• Jarvis Regan

Review | Tyler, The Creator - IGOR

Polarising musical phenomenon Tyler, The Creator returns after his traditional two-year absence with a new major project that furthers his discography from any true definition.

An artist that has undergone one of the heaviest evolutionary changes in Hip Hop culture is Tyler, The Creator. It’s been a long road for the former Odd Future ringleader, and it’s led up to his most recent offering IGOR. The Californian native burst onto the scene in 2009 with his debut solo mixtape Bastard (2009), which was followed by his debut album Goblin (2011), released under XL Recordings in 2011. These two projects naturally reside together as a representation of Tyler’s early style, obscene lyrical content with rough mixing and an endearing amateurish appeal. Since then, the underbelly has softened through the releases of Wolf (2013) and Cherry Bomb (2015) and Tyler’s most recent project Flower Boy (2017) included personal themes of sexuality, loneliness and his own existential feelings as a rapper in the 21st century. However Tyler made it clear prior to the release of IGOR that “this is not Bastard. This is not Goblin. This is not Wolf. This is not Cherry Bomb. This is not Flower Boy. This is IGOR.” and he couldn’t have been more correct.

IGOR initially comes off as a production-focused record with smooth transitions and interesting instrumentals. Undoubtedly, the lyrics take a back seat to the production due to their succinct delivery and lower volume compared to the grandiose production composed by Tyler, including booming synths, intricate piano lines and resonating guitar riffs. A primary example of this style occurs on “Puppet”, where Tyler’s short opening verse and mellow chorus invites the listener to follow through to the second half of the song, which possesses one of the greatest moments on the album: a verse from Kanye West which sees Ye almost whispering into the mic under the instrumental followed by a truly heavenly ensemble of backing vocals and rhythmic percussion. However, after the first few listens as the initially jarring production is digested, the lyrical content takes centre stage.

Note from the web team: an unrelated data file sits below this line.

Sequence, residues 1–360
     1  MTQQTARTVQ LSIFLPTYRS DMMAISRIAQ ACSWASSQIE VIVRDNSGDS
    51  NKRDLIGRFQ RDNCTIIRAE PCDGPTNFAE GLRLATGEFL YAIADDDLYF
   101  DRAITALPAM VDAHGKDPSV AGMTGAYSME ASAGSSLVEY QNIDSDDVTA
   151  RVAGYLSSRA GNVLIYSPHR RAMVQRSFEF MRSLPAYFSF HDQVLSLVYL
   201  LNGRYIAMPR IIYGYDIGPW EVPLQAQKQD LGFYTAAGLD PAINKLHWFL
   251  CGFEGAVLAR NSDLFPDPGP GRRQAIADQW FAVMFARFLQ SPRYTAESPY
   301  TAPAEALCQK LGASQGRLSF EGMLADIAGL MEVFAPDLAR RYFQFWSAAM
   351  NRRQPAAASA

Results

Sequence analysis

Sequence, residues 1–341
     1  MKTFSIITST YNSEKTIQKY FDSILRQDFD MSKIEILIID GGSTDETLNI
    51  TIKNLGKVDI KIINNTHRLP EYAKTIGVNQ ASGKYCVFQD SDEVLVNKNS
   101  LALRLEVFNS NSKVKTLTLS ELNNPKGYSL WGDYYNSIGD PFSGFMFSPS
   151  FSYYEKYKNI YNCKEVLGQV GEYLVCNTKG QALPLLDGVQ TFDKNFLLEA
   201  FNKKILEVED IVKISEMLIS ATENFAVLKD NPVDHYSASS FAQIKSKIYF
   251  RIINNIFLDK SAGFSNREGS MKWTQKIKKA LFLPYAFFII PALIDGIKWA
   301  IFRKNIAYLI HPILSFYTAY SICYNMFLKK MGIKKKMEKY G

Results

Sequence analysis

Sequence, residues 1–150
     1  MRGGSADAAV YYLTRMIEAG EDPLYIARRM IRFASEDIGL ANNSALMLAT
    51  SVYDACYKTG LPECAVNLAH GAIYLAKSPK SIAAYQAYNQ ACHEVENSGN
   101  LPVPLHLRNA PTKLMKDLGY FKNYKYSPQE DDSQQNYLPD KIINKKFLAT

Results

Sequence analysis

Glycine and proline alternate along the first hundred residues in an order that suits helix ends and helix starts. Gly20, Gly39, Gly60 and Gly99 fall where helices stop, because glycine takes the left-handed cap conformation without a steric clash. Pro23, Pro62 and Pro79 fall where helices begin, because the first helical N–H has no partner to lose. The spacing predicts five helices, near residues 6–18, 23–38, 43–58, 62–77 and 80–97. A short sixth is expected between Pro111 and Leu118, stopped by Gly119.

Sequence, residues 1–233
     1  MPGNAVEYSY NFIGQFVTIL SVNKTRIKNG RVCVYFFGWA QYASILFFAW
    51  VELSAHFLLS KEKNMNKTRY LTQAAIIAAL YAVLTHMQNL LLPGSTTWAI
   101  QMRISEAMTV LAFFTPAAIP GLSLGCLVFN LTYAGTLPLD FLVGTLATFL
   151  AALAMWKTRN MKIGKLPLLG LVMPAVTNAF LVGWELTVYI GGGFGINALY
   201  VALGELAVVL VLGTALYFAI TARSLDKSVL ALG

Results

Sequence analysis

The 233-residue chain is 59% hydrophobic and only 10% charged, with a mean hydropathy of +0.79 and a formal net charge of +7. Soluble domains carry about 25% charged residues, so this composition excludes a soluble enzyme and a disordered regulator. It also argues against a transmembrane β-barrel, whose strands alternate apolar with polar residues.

The emotional content of this album is surprisingly dense. We got our first taste of Tyler’s emotional side on Flower Boy, however his discussions on that album were often unique for him, such as him pondering his existence as a rapper and own personal loneliness. However on IGOR , a universally relatable theme is the backbone of the album, the finding of, and more specifically, the falling out of love. The first half of the album details the rollercoaster that is a romantic relationship, from the repeated chorus “Don’t leave, it’s my fault” on Earfquake, to the emphatic and triumphant “I think I’m in love, and this time I think it’s for real” on I Think.

After the brooding hook “Please don’t leave me now” placed under angry, abrasive synths on New Magic Wand, the second half of the album is dedicated to the acceptance and rebuilding phrase of a breakup. Subtle yet universally relatable lyrics such as “Thank you for the love, thank you for the time” on Gone Gone/ Thank You and “Are we still friends?” on, you guessed it, Are We Still Friends have an underrated emotional impact on the listener that I’d argue is a trait of the album as outstanding as the catchy and unique production. As such, the album is the complete package. Its production offers some new intricacies on every listen, whilst the thematic and lyrical concepts are reasonable as they still maintain an impact whilst not being overly emotional or irrational.

Best song: Earfquake

Worst song: A Boy Is A Gun


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